alexa Wheel-running attenuates intravenous cocaine self-administration in rats: sex differences.
Psychiatry

Psychiatry

Journal of Addiction Research & Therapy

Author(s): Cosgrove KP, Hunter RG, Carroll ME

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Abstract This experiment examines the effect of access to a running-wheel on intravenous cocaine self-administration in male and female rats. Rats maintained at 85\% of their free-feeding body weight were first exposed to the running-wheel alone during the 6-h sessions until behavior stabilized for 14 days. Intravenous cannulae were then implanted, and the rats were trained to self-administer a low dose of cocaine (0.2 mg/kg) under a fixed-ratio (FR 1) schedule during the 6-h sessions, while the wheel remained inactive and cocaine self-administration stabilized (cocaine-only condition). Next, the wheel access and cocaine self-administration were concurrently available followed by a period of cocaine-only. Behavior was allowed to stabilize for 10 days at each phase. During wheel access, cocaine infusions decreased by 21.9\% in males and 70.6\% in females compared to the cocaine-only condition; the effect was statistically significant in females. Infusions increased to baseline levels when wheel access was terminated. When cocaine infusions were concurrently available, wheel revolutions were reduced by 63.7\% and 61.5\% in males and females, respectively, compared to the wheel-only condition. This result did not differ due to sex, but it was statistically significant when data from males and females were combined. These results indicate that wheel-running activity had a greater suppressant effect on cocaine self-administration in females than in males, and in females, wheel-running and cocaine self-administration are substitutable as reinforcers.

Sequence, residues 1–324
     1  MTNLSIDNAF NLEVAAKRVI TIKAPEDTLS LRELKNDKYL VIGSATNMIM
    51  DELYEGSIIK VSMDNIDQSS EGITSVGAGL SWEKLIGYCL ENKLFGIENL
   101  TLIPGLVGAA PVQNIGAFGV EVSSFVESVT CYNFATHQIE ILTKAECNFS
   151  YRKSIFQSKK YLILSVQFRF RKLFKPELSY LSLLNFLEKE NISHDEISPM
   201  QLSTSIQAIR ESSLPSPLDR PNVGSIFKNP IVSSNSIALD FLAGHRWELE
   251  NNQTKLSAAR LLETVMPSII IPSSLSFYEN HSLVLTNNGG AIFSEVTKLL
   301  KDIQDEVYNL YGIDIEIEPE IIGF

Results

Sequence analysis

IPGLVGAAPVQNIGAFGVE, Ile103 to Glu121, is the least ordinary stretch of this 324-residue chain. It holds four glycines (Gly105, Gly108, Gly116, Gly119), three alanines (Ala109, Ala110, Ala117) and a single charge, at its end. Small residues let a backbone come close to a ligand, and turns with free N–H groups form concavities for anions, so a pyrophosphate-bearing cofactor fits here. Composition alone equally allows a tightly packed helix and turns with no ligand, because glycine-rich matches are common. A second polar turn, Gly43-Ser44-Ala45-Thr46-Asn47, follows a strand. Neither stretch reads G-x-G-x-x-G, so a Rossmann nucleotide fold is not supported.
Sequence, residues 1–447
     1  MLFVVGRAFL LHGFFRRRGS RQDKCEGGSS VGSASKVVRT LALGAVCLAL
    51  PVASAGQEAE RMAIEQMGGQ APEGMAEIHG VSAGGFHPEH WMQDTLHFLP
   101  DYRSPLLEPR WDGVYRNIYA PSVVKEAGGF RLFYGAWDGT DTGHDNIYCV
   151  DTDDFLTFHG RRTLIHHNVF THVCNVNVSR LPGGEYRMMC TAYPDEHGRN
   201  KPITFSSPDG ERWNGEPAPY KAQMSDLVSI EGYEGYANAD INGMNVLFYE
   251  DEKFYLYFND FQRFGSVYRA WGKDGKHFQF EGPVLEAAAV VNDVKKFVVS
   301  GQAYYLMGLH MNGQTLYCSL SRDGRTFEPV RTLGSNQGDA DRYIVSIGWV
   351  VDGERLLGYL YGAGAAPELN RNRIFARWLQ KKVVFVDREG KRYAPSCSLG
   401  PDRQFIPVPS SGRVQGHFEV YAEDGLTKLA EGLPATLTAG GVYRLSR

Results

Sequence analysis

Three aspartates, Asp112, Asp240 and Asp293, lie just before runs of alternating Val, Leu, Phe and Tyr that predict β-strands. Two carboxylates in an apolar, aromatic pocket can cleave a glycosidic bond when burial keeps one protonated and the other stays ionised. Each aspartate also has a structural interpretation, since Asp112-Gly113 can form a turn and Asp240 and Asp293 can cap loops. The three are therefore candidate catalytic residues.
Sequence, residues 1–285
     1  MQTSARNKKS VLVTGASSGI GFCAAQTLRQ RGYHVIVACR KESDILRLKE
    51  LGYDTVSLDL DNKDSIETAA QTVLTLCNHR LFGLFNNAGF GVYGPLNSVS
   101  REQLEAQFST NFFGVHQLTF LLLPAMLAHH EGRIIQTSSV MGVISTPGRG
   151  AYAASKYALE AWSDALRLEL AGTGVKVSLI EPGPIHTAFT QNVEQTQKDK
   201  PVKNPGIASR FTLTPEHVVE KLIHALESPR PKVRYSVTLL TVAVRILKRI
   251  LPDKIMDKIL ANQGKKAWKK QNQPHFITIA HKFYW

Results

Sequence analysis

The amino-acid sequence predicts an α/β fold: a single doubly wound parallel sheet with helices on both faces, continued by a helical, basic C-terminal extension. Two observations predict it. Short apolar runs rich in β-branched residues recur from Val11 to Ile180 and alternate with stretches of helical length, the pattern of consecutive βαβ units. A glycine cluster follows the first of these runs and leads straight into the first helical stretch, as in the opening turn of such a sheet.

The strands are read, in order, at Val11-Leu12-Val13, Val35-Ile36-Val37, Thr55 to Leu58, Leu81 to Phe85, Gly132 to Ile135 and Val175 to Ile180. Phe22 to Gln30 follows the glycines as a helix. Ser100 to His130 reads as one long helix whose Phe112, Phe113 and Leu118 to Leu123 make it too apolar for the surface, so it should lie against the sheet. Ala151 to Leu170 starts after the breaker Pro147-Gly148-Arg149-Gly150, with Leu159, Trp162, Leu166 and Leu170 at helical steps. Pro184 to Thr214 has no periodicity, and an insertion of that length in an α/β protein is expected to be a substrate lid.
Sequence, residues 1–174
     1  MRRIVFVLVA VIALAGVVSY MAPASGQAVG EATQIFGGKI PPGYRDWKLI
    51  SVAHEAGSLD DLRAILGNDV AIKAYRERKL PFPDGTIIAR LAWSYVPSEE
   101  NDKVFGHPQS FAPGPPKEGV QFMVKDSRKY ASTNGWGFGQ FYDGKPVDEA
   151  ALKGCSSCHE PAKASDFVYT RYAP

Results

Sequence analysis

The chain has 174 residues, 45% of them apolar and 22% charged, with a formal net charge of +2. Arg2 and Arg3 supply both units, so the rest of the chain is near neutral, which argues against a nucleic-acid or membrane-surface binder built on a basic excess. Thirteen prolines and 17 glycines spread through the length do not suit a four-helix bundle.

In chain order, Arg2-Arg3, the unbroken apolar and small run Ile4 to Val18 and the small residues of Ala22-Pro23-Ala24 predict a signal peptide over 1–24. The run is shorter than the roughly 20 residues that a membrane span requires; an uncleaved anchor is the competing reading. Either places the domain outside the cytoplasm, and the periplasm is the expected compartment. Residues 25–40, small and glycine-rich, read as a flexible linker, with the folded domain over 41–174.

This article was published in Pharmacol Biochem Behav and referenced in Journal of Addiction Research & Therapy

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